"Once people get past the initial curiosity they treat me very, very well and treat me like any other coach. The people of Kherson know that the team has improved greatly since my arrival and that to them is what is most important. Anywhere in the world if you win your games, you will be accepted. The same is here in Ukraine."
And winning games is exactly what Lukens is focused on doing now that he has a full preseason with his squad. At the start of his tenure as head coach of the team Lukens had basically resigned to the fact that just the day to day operations needed to be addressed immediately.
"Coming in at essentially midseason of the first half of the season to a team that had lost seven out of eight was really, really difficult," the New Yorker admitted. "Psychologically, tactically and from a preparation standpoint things were done really badly. Making big changes when you are just trying to get points and win games is difficult. I had to make big changes on how we trained and the psychological approach.
"I could do that on a daily basis. However, I made much slower changes from a tactical standpoint as I felt any huge change tactically that resulted in disaster would damage the team even further and would be the end of my time training and coaching the team."
"I really believe we can really rise up the table now that I will have a preseason in January and February. I will be able to have more influence on the team."
The turnaround job done in Kherson is enough to gain publicity, but Lukens is keeping his eyes on the field in Ukraine. Being in Europe provides the Krystal coach with plenty of visibility, but staying in Ukraine is on the top of his list right now.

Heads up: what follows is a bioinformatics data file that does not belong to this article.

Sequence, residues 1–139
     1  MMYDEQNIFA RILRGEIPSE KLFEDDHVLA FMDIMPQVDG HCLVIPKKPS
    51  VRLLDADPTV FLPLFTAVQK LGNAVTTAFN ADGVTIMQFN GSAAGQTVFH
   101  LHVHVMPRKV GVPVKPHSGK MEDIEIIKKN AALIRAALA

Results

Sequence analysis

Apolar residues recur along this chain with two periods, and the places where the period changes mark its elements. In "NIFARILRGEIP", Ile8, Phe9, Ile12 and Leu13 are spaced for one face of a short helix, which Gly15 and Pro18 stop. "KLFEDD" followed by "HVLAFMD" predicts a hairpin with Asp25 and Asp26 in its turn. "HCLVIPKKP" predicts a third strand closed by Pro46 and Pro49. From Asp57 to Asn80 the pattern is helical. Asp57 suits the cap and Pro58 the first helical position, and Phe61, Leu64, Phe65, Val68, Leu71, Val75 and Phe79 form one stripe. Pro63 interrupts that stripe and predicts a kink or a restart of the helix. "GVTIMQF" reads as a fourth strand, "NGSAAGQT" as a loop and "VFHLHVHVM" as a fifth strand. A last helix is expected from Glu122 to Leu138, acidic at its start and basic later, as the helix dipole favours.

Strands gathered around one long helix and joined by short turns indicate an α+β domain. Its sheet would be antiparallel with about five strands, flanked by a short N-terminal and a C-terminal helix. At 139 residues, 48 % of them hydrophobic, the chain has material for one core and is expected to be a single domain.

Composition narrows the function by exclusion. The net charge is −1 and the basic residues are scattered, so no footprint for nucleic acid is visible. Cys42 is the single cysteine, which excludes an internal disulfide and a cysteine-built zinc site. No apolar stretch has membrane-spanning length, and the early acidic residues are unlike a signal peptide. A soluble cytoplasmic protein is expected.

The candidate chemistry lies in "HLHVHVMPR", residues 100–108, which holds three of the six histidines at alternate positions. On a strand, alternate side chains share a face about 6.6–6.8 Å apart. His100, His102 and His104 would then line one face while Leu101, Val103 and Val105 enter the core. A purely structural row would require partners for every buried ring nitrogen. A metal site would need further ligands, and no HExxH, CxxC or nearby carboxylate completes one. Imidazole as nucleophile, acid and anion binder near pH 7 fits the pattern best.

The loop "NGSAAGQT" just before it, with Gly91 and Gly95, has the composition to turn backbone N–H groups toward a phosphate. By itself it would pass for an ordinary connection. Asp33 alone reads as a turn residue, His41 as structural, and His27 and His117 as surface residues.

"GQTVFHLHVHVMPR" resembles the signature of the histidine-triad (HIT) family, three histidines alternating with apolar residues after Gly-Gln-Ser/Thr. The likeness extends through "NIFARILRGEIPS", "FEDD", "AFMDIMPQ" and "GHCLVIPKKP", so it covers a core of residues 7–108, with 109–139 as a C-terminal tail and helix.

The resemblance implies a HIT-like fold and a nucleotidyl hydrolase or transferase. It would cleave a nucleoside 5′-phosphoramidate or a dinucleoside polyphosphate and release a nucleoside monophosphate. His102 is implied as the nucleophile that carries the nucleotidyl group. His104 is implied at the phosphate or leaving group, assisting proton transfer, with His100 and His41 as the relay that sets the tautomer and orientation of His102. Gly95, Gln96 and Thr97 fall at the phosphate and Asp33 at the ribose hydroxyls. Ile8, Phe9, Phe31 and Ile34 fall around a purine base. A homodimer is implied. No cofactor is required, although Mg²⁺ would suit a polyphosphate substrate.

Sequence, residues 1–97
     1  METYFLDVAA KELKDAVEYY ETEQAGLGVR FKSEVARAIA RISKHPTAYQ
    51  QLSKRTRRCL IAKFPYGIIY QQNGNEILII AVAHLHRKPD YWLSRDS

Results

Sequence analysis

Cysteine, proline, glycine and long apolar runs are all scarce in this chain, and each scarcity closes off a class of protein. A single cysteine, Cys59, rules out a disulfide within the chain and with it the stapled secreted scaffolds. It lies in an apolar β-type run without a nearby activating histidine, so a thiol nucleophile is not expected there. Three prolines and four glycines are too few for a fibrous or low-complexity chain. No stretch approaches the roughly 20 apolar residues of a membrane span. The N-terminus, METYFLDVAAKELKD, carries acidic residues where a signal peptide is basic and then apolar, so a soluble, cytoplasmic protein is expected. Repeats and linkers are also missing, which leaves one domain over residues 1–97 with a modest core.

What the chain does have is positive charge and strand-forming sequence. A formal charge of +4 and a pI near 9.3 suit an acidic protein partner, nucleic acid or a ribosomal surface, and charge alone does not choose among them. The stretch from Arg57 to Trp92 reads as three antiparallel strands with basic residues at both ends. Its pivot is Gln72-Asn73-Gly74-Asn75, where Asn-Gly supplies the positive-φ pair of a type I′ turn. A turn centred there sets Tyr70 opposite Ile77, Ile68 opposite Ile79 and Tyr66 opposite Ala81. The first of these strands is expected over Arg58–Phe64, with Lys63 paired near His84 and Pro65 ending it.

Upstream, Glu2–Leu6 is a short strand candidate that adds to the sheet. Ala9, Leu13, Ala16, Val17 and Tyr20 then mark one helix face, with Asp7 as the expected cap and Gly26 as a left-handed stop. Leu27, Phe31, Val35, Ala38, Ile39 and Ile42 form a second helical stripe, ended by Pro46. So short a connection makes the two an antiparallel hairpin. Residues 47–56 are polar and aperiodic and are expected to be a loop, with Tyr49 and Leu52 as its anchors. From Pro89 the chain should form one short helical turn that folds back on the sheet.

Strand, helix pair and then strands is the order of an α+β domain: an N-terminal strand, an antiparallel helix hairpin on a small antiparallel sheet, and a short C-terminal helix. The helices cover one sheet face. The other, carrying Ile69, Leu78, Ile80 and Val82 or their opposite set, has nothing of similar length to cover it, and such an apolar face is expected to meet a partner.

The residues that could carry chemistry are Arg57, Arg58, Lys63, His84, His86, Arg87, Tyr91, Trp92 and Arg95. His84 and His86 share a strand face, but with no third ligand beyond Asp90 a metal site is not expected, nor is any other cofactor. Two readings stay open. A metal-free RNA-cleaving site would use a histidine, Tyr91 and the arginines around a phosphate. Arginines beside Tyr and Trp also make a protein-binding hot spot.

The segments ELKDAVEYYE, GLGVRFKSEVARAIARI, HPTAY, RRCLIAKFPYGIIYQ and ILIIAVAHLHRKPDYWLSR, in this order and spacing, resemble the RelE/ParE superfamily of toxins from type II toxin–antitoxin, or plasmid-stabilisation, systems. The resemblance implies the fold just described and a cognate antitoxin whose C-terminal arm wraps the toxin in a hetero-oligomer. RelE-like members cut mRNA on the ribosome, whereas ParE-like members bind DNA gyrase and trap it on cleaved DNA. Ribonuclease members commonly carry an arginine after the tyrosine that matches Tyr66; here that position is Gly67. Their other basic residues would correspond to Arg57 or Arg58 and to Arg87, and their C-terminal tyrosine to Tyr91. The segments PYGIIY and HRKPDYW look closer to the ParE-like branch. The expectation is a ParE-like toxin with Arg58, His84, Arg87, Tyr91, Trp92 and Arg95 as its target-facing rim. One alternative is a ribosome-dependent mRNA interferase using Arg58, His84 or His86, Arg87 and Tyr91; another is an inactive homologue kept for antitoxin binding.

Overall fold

"I would like to go as far as I can within Ukrainian soccer," Lukens said. "Here it is like any other European country. Everything stands still on game day and the whole country watches and talks about the games the next day."
"When the National Team plays there are no cars on the street as everyone is at home or in a pub watching. Every man has played football at sometime in his life. Football is far and away the biggest sport in Ukraine."
All across Europe the head coach shuffle is in full effect with coaches trading posts if the job is not done to the right standard. Lukens is aware that his job is result driven, and that the right results might bring offers from foreign eyes all across Europe, and maybe even Major League Soccer.
"Breaking into another big [soccer] country in Europe would be really difficult, it would be like starting over," Lukens said. "Certainly, if the right opportunity was offered to me in America I would be interested."
"I was born and raised in New York and while I am treated extremely well here and currently live here, I have always loved America and always will."
The team and coaching staff take a break during the frigid end of December, but are straight back into the swing of things at the turn of the new year. Kherson currently sit just below the halfway mark in the league, but are 10 points behind sixth placed Real Pharm. The ambition of third place isn't impossible, but making up 15 points to overtake current holders Ternopil' will take some hard work.
Work that Lukens' and company are ready for.